Bumblebees don’t care about pesticide cocktails
In their natural environment, wild bees are exposed to various pesticides that can have a potentially toxic effect. A study by the University of Würzburg has now shown that bumblebees are relatively resistant to these products. Bumblebees appear to be quite resistant to common pesticides. This is shown by a new study, the results of which have now been published by scientists from Julius-Maximilians-Universität Würzburg (JMU) in the journal Environment International .

Life Sciences - Computer Science - 15.04.2024
Arabica coffee: New database to better identify more climate-resilient plants
Arabica coffee: New database to better identify more climate-resilient plants
As climate change threatens coffee farming, experts at Nestlé, the world's largest food company, are exploring how advanced data science and artificial intelligence can help select and breed more climate-resilient crops. Together with researchers from scientific institutions in Brazil, France, the US and elsewhere, they have published their latest findings in the journal Nature Genetics.

Life Sciences - Environment - 15.04.2024
How blue-green algae manipulate microorganisms
How blue-green algae manipulate microorganisms
Research team at the University of Freiburg discovers previously unknown gene that indirectly promotes photosynthesis Cyanobacteria - also called blue-green algae - are known as the "plants of the ocean" because they carry out photosynthesis on a gigantic scale, produce oxygen and extract the greenhouse gas CO2 from the environment.

Life Sciences - Environment - 15.04.2024
How blue-green algae manipulate microorganisms
How blue-green algae manipulate microorganisms
Research team at the University of Freiburg discovers a previously unknown gene that indirectly promotes photosynthesis Cyanobacteria are also known as blue-green algae and are considered the "plants of the ocean" because they photosynthesize on a gigantic scale, produce oxygen and extract the greenhouse gas CO2 from the environment.

Health - Life Sciences - 15.04.2024
Boron deficiency: oilseed rape reacts as with infection and pest infestation
Boron deficiency: oilseed rape reacts as with infection and pest infestation
Genetic mechanisms uncovered Boron deficiency has a devastating effect on oilseed rape and related plants. However, little is known about the underlying genetic mechanisms. A study shows that the response to persistent or short-term acute boron deficiency is similar to that to pests and infections. The results lay the foundation for breeding plants that can better cope with boron deficiency and for avoiding related yield losses.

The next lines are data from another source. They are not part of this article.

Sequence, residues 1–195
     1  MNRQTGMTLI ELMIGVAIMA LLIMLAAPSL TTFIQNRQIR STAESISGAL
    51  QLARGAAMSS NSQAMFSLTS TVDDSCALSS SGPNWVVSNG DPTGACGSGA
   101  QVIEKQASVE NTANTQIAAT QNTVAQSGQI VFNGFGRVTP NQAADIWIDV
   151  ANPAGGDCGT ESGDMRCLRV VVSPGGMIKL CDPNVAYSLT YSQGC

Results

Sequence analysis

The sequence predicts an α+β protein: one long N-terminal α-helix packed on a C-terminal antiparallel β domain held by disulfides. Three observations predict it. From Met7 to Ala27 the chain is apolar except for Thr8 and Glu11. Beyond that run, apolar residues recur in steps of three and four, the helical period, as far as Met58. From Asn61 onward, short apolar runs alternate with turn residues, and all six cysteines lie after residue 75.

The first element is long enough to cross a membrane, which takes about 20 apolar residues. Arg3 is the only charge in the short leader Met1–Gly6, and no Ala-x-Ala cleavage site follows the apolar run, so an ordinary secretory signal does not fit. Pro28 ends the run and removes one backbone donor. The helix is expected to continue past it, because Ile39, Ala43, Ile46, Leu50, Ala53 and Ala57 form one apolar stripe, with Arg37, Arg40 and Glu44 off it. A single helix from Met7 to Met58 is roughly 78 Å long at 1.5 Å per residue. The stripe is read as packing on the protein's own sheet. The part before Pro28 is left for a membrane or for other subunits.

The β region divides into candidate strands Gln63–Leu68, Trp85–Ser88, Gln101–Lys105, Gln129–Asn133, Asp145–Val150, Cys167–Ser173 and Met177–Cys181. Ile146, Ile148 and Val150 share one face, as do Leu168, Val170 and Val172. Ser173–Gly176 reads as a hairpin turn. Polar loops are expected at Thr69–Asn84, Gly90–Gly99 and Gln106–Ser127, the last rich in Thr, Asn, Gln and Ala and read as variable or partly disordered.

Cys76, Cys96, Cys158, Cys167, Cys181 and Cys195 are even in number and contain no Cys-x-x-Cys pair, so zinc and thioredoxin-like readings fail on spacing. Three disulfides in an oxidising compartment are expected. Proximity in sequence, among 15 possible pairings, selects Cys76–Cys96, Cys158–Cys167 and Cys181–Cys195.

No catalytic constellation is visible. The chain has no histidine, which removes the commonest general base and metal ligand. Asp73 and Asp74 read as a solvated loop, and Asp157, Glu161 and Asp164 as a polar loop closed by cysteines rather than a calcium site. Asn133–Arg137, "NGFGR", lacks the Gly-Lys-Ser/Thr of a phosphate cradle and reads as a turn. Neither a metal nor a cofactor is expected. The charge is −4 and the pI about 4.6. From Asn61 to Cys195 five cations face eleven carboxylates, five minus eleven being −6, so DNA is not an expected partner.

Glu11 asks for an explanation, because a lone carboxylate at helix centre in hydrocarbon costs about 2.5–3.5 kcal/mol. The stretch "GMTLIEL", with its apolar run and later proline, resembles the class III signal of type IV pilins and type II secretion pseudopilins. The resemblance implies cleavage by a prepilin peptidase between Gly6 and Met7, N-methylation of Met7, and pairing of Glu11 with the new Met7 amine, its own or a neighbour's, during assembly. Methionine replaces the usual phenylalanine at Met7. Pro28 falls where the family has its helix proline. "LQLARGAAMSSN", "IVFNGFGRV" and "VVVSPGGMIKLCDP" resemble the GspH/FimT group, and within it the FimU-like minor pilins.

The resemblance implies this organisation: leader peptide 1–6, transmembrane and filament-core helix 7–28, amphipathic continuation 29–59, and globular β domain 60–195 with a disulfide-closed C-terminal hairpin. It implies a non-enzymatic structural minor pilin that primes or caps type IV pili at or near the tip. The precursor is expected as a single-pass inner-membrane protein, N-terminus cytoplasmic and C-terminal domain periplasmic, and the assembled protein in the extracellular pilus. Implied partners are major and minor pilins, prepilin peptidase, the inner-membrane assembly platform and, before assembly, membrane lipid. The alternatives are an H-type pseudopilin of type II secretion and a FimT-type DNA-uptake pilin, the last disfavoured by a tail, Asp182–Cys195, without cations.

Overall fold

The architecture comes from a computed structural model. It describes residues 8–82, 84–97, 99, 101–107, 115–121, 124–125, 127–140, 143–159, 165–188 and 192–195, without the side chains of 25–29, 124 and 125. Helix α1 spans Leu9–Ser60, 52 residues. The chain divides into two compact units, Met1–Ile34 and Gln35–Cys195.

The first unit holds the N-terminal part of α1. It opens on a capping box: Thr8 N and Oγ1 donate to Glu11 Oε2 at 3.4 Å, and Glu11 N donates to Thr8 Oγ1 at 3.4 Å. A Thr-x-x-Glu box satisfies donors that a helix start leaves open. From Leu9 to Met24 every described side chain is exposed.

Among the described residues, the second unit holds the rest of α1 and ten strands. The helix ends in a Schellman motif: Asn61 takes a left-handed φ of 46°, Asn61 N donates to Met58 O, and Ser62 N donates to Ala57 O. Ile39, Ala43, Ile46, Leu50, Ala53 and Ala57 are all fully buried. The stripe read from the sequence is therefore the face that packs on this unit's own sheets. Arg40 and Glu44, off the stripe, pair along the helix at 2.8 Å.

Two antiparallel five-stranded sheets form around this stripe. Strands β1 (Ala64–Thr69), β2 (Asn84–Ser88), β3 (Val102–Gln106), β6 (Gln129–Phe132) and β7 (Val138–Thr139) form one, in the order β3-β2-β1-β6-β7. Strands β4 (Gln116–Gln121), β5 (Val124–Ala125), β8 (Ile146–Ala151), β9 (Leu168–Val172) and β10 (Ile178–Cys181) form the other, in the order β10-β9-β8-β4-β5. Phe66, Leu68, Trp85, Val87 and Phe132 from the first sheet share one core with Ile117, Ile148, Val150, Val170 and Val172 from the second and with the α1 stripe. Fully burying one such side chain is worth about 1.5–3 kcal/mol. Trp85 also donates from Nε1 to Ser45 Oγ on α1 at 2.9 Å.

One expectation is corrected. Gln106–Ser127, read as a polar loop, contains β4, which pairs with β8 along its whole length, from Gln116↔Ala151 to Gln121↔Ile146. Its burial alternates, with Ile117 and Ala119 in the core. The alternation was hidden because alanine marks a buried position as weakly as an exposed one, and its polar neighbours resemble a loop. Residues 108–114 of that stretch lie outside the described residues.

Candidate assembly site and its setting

Health - Life Sciences - 11.04.2024
Study Lays the Basis for New Knowledge on Gastrointestinal Diseases
Study Lays the Basis for New Knowledge on Gastrointestinal Diseases
The transition from the esophagus to the stomach is a delicate region from a medical point of view, often associated with pathological disorders leading to cancer. An international research team has now gained new insights into this region. These pave the way for new prevention and treatment options.

Life Sciences - Environment - 11.04.2024
High ozone levels could be a cause of insect decline
High ozone levels could be a cause of insect decline
The oxidant pollutant removes mating barriers between fly species and increases the occurrence of sterile hybrids In a recent study, researchers from the Max Planck Institute for Chemical Ecology in Jena, Germany, show that ozone levels, such as those found in many places on hot summer days today, destroy the sex pheromones of fruit fly species.

Health - Life Sciences - 10.04.2024
Navigation software supports kidney research
Navigation software supports kidney research
Bonn researchers develop method for three-dimensional image processing to solve the mystery of kidney inflammation Many kidney diseases are manifested by protein in the urine. However, until now it was not possible to determine whether the protein excretion is caused by only a few, but severely damaged, or by many moderately damaged of the millions of small kidney filters, known as glomeruli.

Life Sciences - Chemistry - 10.04.2024
Discovery of the first fractal molecule in nature
Discovery of the first fractal molecule in nature
Scientists found for the first time a natural protein that follows a mathematical pattern of self-similarity An international team of researchers led by groups from the Max Planck Institute in Marburg and the Philipps University in Marburg has stumbled upon the first regular molecular fractal in nature.

Life Sciences - Health - 04.04.2024
Attack and defence in the microverse
Attack and defence in the microverse
Viruses need hosts. Whether it's measles, the flu or coronavirus, viral pathogens cannot multiply or infect other organisms without the assistance of their hosts' cellular infrastructure. However, humans are not the only ones affected by viruses: animals, plants and even microorganisms can all serve as hosts.